b) Title your post well; then inside it include information such as your settings; equipment used; any critical thoughts of your own; any things you wanted to happen that didn't'; questions etc..
    The more information you put up the more serious you appear. Not only is that helping you critique and understand your own work ;but it encourages others to come and join in.

    c) Be polite around the site; help others; thank others for helping you; contribute and be around. This increases your chances that people will WANT to take up their free time to help you out in your hobby.

    2) Use the critique gallery; helps to get you noticed and focused on by those eager to critique.

    3) Try not to get too defensive; by all means justify your choices and explain your thought processes; but be humble and don't be offended if others don't like your work - remember to thank them and take their viewpoint into consideration or ask them to elaborate upon their point if you don't quite understand it.
  • Not only greed; some are also so terribly desperate for income that they will try anything to get money they need; especially when the pay-off is huge.

    Plus we are used to most companies using over-seas callers now so a heavily accented person on the end of the line is normal to us. Heck most times I call the bank its overseas or at least heavily accented.

    The "In person" part is also bold for the scammers; most won't show face nor anything so to turn up to collect the payment is a very bold move for them. Granted it might also mean this scam is short lived; but it is another thing that might make some feel more confident as any real scammer would never turn up.

    Plus who hasn't had a "do you have PPI - we an find out and refund you and it won't cost a penny" phone call, both from scammers and legitimate companies.

    Rather like the "this is Microsoft here to fix your computer" scam its also just real enough to be believed. .

  • Quote:At his funeral, they lit four candles . . .

    No no no forkandles - handles for forks
  • The title basically summarises the primary intent of the thread; whilst I've come a pretty long way on my own I feel that some additional structured guidance would be of great benefit to myself; and with my course (conservation) ending in the next few months I might find myself with more fully free time to dedicate to my photography.

    I'm UK based (Suffolk), though not exclusively looking for in person assistance; and thus I welcome any input people have to offer

    You can see most of my more recent works on the website below, and in general most of my equine is one first "page" of photos so just scroll down.

  • Point and shoots are not about quality but convenience. The average person takes photos and shows them on the back of the camera; some make it to the internet and a handful to prints. They are not putting huge demands on teh gear so the gear doesn't have to perform to a high optical standard.

    That said most are pretty good - the optical zoom ranges are pretty decent on most; sure the long end is a bit softer; sure the dynamic range is often lacking; but its good enough for that user group.

    The 3*teleconverters that screw on the end of the lens or the "digital" zoom in cameras are often bigger drops in quality; more noticeable; but for some the quality drop is fine. They more want to record the event and their emotional and personal connection to the scene is what makes it important to them.

    Heck I get jealous and oft wish I had a little point and shoot for those rare case when something far off is seen that you want to get ap hoto of ;but which you didn't bring the huge super-telephoto lens for (or if you did its not on the camera at that moment etc..)
  • A few thoughts:

    1) As said the time/day and such of when you post can be very important. Weekends generally generate less interest no matter what time you post something whilst during the weekday they get more attention. The time is a huge factor - post something at 2 am and it will be buried before most are awake; whilst if you post at the wrong time during peek activity you can get your post buried in a sea. This is applicable on any social website - more active ones more so - and those with a bias to a certain time-zone will vary on your local time as to when its best to post; but otherwise its a universal truth.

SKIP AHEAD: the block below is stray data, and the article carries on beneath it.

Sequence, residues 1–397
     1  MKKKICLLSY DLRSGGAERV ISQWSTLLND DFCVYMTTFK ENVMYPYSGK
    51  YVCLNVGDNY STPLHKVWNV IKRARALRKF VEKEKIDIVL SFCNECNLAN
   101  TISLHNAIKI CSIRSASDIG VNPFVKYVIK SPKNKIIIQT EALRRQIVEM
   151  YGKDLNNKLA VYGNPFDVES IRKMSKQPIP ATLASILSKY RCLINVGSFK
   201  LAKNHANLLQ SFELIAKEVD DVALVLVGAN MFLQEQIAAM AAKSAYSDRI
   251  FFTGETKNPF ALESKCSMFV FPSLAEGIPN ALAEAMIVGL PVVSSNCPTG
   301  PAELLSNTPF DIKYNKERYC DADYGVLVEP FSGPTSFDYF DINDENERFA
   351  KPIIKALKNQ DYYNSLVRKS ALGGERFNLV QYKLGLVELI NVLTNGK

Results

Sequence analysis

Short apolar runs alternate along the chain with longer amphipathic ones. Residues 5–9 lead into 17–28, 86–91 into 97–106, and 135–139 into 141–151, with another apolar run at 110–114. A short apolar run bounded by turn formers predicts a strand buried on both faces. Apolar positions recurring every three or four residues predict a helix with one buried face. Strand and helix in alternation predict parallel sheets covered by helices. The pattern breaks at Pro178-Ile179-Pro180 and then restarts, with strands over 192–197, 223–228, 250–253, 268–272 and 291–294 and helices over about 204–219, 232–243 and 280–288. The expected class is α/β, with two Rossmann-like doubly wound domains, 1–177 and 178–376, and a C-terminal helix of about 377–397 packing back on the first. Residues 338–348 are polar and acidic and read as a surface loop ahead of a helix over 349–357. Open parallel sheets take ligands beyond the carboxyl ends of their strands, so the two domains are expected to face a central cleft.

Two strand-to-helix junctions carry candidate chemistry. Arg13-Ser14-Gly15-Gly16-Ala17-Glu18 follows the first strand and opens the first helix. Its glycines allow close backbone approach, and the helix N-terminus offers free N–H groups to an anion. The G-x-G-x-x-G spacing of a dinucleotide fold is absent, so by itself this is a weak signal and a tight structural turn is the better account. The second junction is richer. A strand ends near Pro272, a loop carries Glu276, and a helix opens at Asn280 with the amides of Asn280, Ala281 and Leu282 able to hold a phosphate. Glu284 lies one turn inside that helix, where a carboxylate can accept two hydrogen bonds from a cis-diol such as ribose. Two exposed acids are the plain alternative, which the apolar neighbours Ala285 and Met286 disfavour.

2) Your individual efforts are nothing; all people see is the photo. That photo is then measured up to all else that that viewers see which means for something like natural studies you're up against national geographic and all the other big names too often as not.

    3) Wildlife has a lot of captive stuff in it; even on most sites the designation "wildlife" often more so means "its not a common domestic animal" rather than "actually living in the wild animal". So people often assume its captive or trained more so than not; esp if the shot is left without additional notation and the pose could be done to hide things like leashes or jessies.

    4) Sometimes a story helps - to write what happened underneath and the like; a picture might say 1000 words but they might not be the right ones for what you want it to say or express to people.

    In general you've got to have a measure of self confidence and self worth. I also find it helps to be involved in a couple of websites - generalist high activity ones - niche focused communities and sometimes you've just got to have a friend site with a few mates which might not be as active in terms of volume but might well be more social and welcoming commentary wise.
  • ST where did you get your adaptor from?
  • Aye I saw them too; although I can't seem to find their store; they seem to trade only locally? Unless I'm just being stupidly blind.

    And yes I think manfrotto has a thing with their quick release system; it will fit into any camera without any modification. It's quick and simple and I think works well for the amateur; most casual systems are light enough not to have much weight to pivot around. That said I am surprised they don't do a line of quick release plates custom to camera and tripod collars that could use their system; but without the rotation. That said apparently theyv'e got their own head modification for holding arca swiss plates so they are not totally blind.
  • Aye though I'm still relying on the manfrotto quick release system using that; the problem there is that I have had hte camera slide/rotate on the mount. Having a grip-pad of rubber is good; but only if both surfaces have it; and the arca swiss plates certainly don't so its easy to slip and pivot around the screwmount.

    Hence my interest in a proper quick release system that won't have any chance for rotation